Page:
From a sector viewpoint, as of the end of the third quarter, the fund is tilted to technology, as it is the largest sector and accounts for 30.4% of the portfolio, followed by 21.6% industrials, 18.2% consumer discretionary and 13.8% healthcare. But Kutasov notes that the weightings are a by-product of the stock selection process. “As bottom-up investors, we manage risk at the company level first and foremost. We also like to look for companies in segments under pressure, that are pockets of opportunity. But at the end of the day, we are sector agnostic. Of course, we do monitor our end-markets exposure and industry exposure. We don’t want to make any sector bets.”

Year-to-date (Nov. 5), the fund has returned 27.74%, versus -2.85% for the US Small/Mid Cap Equity category.

Brand and Pricing Power in Focus
Running a portfolio of 29 stocks, Kutasov highlights names such as Scotts Miracle-Gro Co. (SMG) a leading producer of lawn and garden products. “Their brands are important because most of us make one soil or weed-killer purchase a year. When we shop for these types of products we are willing to pay a little more for a trusted brand. The real test for a brand comes in its pricing power. Scotts has that,” says Kutasov, adding that the firm benefits from strong relationships with retailers such as Home Depot Inc. (HD) and Walmart Inc. (WMT). “It has been able to exercise its pricing power despite a concentrated customer base. Not only are their brands very strong but it provides an attractive value proposition to retailers by bringing consumers to the stores when the season comes for planting.”

Year-to-date the stock is up about 60% and the company reported strong results for fiscal 2020. “Sales were up 31% and it provided solid guidance of 10%-16% earnings growth for 2021,” says Kutasov. “Few companies can provide longer-term guidance in this uncertain environment. The reason for this is the resilience of the business and it is benefitting quite nicely from many of us being at home during the pandemic.” Shares are trading at 20 times estimated 2021 earnings.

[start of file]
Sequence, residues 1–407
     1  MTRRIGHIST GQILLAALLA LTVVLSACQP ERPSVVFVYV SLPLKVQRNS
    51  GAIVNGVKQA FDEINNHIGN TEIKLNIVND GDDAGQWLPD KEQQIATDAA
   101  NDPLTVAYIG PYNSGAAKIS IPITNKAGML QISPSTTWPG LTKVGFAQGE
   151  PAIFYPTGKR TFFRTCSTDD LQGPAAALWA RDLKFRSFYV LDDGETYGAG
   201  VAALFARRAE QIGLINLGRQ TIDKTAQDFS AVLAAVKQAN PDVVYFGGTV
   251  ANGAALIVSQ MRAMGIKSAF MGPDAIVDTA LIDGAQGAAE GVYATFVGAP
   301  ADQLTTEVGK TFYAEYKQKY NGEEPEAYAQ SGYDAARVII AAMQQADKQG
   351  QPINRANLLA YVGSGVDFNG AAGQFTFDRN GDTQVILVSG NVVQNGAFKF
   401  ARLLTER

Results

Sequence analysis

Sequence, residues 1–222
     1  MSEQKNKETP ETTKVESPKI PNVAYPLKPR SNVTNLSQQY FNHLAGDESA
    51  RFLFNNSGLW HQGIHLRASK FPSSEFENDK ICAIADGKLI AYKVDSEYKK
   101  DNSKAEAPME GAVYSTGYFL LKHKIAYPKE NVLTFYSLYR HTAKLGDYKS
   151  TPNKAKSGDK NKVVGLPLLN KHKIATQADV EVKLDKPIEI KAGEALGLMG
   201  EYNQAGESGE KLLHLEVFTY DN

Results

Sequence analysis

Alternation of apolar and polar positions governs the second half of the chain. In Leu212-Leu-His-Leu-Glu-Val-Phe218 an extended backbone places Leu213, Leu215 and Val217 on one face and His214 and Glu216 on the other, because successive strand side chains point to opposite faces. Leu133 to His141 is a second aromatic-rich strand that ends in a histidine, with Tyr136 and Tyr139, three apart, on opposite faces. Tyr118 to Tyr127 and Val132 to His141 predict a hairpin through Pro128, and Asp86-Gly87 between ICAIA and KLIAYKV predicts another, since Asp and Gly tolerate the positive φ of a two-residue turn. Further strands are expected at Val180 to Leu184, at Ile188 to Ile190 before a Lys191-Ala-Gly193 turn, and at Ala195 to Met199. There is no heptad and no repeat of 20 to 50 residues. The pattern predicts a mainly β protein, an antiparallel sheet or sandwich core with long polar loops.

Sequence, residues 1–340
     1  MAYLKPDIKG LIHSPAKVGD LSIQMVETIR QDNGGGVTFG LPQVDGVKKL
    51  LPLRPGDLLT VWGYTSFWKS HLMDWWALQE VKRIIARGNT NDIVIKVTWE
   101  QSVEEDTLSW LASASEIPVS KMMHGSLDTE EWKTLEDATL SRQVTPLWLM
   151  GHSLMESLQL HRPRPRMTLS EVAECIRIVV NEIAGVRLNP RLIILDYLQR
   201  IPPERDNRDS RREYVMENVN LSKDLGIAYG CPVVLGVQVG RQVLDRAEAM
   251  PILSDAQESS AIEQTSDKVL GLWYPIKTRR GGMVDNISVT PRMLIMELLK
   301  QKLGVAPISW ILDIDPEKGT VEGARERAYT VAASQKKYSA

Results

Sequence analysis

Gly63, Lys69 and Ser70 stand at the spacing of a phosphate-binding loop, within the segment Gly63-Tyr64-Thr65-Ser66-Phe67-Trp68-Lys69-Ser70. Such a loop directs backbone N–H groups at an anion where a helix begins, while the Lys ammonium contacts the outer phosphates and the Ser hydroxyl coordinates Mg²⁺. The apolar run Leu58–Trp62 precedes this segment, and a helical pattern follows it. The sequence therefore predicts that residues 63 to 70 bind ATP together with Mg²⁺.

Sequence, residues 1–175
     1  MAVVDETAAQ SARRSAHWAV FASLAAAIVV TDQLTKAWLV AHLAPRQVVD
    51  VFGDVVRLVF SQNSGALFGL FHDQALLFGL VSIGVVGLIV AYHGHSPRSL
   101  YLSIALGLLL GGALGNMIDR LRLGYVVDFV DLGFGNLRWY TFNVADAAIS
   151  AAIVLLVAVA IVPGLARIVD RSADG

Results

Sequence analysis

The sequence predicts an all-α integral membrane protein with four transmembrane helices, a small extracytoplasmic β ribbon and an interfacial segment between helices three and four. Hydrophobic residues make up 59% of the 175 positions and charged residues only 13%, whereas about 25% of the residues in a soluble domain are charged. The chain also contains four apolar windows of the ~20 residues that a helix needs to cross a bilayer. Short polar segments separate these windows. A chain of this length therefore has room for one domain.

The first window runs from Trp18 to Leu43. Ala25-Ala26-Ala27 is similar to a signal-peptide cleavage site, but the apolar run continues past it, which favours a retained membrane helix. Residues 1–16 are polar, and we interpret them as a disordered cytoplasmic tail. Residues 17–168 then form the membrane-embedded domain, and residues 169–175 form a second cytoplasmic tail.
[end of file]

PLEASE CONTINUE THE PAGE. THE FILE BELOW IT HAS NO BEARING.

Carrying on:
Good Employers, Great Investments
Another favourite name is a recent acquisition, Bright Horizons Family Solutions Inc. (BFAM), the largest provider of employer-sponsored child care in the U.S. “Child care remains a highly fragmented market. It is dominated by small, Mom and Pop players and many of them have suffered tremendously in the downturn when people were staying home and children did not attend these facilities,” says Kutasov. “Nearly half of working families in the U.S. reported losing their child care during the pandemic and of those families who used child care centres, more than half reported losing their provider. There was huge disruption in the industry. But players that have the scale have benefitted.”

Bright Horizons is regarded as a premium brand. It has relationships with over 1,000 employers who provide child care as a benefit to their employees. “Its brand provides the company with solid pricing power,” says Kutasov. “It also benefits from a large scale as a national player. And think about switching from one child care provider to another. It’s pretty disruptive for both the family and the employer.  As a result, Bright Horizons enjoys solid customer retention. The company is well-positioned to take share in its fragmented market.” The stock is up about 30% since it was acquired in the second quarter. It is trading at about five times sales. “That’s a fair valuation for a solid, high quality company.”

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Securities Mentioned in Article

Security NamePriceChange (%)Morningstar Rating
Bright Horizons Family Solutions Inc103.94 USD-0.61
CIBC US Small Companies34.37 CAD-0.93Rating
The Home Depot Inc346.84 USD-0.30Rating
The Scotts Miracle Gro Co Class A66.38 USD-2.12Rating
Walmart Inc67.02 USD0.48Rating

About Author

Michael Ryval  is a Toronto-based freelance writer who specializes in business and investing.